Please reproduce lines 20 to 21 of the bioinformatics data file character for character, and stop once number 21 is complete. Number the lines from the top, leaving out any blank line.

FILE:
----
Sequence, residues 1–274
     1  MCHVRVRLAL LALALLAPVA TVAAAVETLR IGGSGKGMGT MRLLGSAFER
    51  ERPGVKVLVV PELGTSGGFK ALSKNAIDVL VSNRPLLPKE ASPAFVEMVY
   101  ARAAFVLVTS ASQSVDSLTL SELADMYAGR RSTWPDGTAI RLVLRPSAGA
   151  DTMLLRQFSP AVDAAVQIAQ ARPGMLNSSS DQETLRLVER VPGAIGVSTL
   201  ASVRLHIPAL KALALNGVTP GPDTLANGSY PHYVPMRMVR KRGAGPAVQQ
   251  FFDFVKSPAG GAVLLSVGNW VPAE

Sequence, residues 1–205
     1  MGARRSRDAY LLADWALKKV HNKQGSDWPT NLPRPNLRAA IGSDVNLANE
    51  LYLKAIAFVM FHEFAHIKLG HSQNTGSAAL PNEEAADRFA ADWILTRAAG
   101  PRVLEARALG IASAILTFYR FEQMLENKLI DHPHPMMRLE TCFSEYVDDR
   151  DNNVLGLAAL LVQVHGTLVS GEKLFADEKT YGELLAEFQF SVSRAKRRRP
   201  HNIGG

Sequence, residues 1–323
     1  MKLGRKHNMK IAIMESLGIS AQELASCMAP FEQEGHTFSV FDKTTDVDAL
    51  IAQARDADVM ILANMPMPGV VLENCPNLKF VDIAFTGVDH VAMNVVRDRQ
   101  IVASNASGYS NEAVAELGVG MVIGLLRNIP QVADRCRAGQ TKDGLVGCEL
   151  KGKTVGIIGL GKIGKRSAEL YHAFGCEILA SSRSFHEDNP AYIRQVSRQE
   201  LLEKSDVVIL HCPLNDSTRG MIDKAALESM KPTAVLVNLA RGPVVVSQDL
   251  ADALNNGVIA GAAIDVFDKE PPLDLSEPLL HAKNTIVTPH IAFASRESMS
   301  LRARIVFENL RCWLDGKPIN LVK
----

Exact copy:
   251  ADALNNGVIA GAAIDVFDKE PPLDLSEPLL HAKNTIVTPH IAFASRESMS
   301  LRARIVFENL RCWLDGKPIN LVK